They parleyed this success into recording "Introduce Yourself" for major Indie, Slash Records in 1986. They re-recorded 'We Care Alot', fueling the misperception of Faith No More as primarily a RapCore or Rock/Rap band ( more influenced by Killing Joke, Metallica, and ultra savvy pop awareness-ask 'em), and sells Chuck's vocal contributions short. Noteably, that " He can't sing, etc.", belying a clever singers self aware lampooning the sometimes bloated pomposity of Rock culture; tapping a rich historical vein.
Chuck's singing style was a cultivated crooner warble introduced by Screaming Jay Hawkins, who played with the tonality and resonance of his tone by stretchng and contorting the chamber of his mouth throughout held notes, along with other more mimicable cartoonish fun. Later in Rock, you find David Johansen using it with the Dolls decidedly playful music. David Bowie has encorporated it throughout his career, but particularly on the "low" lp., "china girl" and throughout his Berlin period. Thusly influencing Iggy Pop from "the Idiot"(check out 'funtime') on forward('I'm a conservative!' or 'wild america', f'rnstance). Jeffrey Lee Pierce of Gun Club was great with this style of using rock'n roll to play with itself. Dave Vanian with the Damned, of course. The Goth'ers used it to great lugubrious effect (Bauhaus, Joy Division).
It was Chuck Mosely (and a boat load of punk attitude) that used that warbling croon (juxta)posed against/ and in ironic tandem with Jim Martins towering metal chords to comment and play with a Genre of Rock known for taking itself a little too seriously (Yngwie, nuff said). He'd artfully fall off a note only to take it back and finish it clean. Listen to his layered tracks on "spirit(and excellence)", one track is pure and on, the other is absurdly, wildly off. Finally, I leave you with "faster disco" (in deed and in meaning) to demonstrate his purpose:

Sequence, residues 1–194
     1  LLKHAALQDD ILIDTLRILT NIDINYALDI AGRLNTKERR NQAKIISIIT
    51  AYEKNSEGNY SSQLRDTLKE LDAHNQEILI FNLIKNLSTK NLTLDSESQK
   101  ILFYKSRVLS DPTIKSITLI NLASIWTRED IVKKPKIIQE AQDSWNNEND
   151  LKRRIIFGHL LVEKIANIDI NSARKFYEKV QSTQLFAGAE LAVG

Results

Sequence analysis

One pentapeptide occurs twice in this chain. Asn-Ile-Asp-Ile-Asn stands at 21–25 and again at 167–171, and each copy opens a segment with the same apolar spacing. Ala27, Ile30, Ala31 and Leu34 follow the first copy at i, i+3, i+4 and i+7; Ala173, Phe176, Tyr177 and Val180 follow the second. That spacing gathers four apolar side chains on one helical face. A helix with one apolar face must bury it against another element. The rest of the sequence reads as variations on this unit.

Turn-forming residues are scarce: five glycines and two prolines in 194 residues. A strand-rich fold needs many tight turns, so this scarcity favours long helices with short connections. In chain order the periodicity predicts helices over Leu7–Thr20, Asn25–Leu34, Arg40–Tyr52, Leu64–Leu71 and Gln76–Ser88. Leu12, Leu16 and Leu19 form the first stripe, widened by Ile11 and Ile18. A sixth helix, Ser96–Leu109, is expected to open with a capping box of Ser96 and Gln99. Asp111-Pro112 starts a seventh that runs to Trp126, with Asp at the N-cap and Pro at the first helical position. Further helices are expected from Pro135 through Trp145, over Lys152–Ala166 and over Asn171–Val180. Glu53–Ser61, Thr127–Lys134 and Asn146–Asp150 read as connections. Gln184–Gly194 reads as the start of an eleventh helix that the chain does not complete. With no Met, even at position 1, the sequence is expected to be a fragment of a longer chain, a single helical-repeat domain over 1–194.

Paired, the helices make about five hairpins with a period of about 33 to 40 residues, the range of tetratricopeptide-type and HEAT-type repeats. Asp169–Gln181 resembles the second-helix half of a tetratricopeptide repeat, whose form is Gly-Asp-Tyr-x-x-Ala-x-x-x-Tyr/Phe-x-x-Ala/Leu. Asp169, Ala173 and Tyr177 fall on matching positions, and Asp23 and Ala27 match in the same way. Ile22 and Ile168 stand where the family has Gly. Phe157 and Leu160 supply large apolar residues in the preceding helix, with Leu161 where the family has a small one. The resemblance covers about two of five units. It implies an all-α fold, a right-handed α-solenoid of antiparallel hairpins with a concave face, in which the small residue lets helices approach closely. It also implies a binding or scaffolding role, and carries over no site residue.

"styling, you know you are styling. So look to the mirror (there), and blow yourself a kiss (muah!)".
Iggy himself payed direct homage to Chuck and FNM's approach on the song "Lost" in 2000.
The band toured hard, tough often the success of the hit maddeningly overshadowed the rest of their vision. Chuck could be flippant onstage and I'm sure it carried over. Eventually the joke wore thin on the band; but their solution was a decided ambition to take that next step out of the San Francisco underground, and we all wished them luck. You could see them growing apart before they went down to start "Real Thing" in LA, I think Chuck could see it less so.
Mike P. was a real go getter, and was lock step with Roddy and the boys. Vox style in antithesis initially, but then by 'caffeine' there is slightly sterile decided return to the wounded croooner thing.
Mike P. does good and well by the underground- he's cool. But I miss FNM, and really miss Chuck - and tip my hat to his contributions.
ted offensive, San Francisco Mission dist.,7/08
24 Jul 03:43